90. ———, S. Cozzolino & F. P. Schiestl. 2007b. Floral scent in food-deceptive orchids: Species specificity and source of variability. Plant Biology 9: 270–729.Google Scholar
  91. Sapir, Y., A. Shmida & O. Fragman. 2003. Constructing Red Numbers for endangered plant species—Israeli flora as a test case. Journal for Nature Conservation 11: 91–107.Google Scholar
  92. Schiestl, F. P. & S. Cozzolino. 2008. Evolution of sexual mimicry in the Orchidinae: The role of preadaptations in the attraction of male bees as pollinators. BMC Evolutionary Biology 8: 27.PubMedGoogle Scholar
  93. Scopece, G., A. Musacchio, A. Widmer & S. Cozzolino. 2007. Patterns of isolation in Mediterranean deceptive orchids. Evolution 61: 2623–2642.PubMedGoogle Scholar
  94. Sedivy, C., C. J. Praz, A. Müller, A. Widmer & S. Dorn. 2008. Patterns of host-plant choice in bees of the genus Chelostoma: The constraint hypothesis of host-range evolution in bees. Evolution 62: 2487–2507.PubMedGoogle Scholar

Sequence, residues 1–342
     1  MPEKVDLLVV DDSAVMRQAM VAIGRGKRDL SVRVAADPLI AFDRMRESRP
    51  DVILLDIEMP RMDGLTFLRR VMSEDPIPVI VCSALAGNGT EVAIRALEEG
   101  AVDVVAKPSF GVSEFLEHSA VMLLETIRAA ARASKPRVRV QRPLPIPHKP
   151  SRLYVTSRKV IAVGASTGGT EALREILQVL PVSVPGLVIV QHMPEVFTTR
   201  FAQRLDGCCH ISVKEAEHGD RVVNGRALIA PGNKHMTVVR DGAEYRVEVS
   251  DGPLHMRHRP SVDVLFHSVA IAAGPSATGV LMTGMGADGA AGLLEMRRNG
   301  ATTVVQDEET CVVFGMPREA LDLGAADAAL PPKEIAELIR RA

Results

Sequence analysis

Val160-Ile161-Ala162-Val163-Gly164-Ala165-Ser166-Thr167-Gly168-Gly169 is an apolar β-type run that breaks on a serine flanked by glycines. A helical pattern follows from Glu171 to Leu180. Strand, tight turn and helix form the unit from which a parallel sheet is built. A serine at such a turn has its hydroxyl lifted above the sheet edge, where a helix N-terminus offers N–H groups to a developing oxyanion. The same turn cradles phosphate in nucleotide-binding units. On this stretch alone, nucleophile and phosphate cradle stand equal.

95. Shepherd, M., S. L. Buchmann, M. Vaughan & S. H. Black. 2003. Pollinator conservation handbook. The Xerces Society, Portland Oregon.Google Scholar
  96. Sladen, F. W. L. 1912. The humble-bee, its life history and how to domesticate it, with descriptions of all the British species of Bombus and Psithyrus. MacMillan, London.Google Scholar
  97. Sosa, V. & T. Platas. 1998. Extinction and persistence of rare orchids in Veracruz, Mexico. Conservation Biology 12: 451–455.Google Scholar
  98. Spaethe, J., W. H. Moser & H. F. Paulus. 2007. Increase of pollinator attraction by means of a visual signal in the sexually deceptive orchid, Ophrys heldreichii (Orchidaceae). Plant Systematics and Evolution 264: 31–40.Google Scholar
  99. Squirrell, S., P. M. Hollingsworth & R. M. Bateman. 2002. Taxonomic complexity and breeding system transitions: Conservation genetics of Epipactis leptochila complex (Orchidaceae). Molecular Ecology 11: 1957–1964.PubMedGoogle Scholar
  100. Stökl, J., P. M. Schluter, T. F. Stuessy, H. F. Paulus & G. Assum. 2008. Scent variation and hybridization cause the displacement of a sexual deceptive orchid species. American Journal of Botany 95: 472–481.Google Scholar
  101. Swartz, N. D. & K. W. Dixon. 2009. Terrestrial orchid conservation in the age of extinction. Annals of Botany 104: 543–556.Google Scholar